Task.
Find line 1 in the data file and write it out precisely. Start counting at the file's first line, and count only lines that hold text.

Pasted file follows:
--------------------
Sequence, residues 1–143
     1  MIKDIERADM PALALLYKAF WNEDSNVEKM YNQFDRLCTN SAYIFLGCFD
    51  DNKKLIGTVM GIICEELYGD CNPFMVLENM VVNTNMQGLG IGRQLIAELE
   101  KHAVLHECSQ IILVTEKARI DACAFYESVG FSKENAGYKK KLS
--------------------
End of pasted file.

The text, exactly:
Sequence, residues 1–143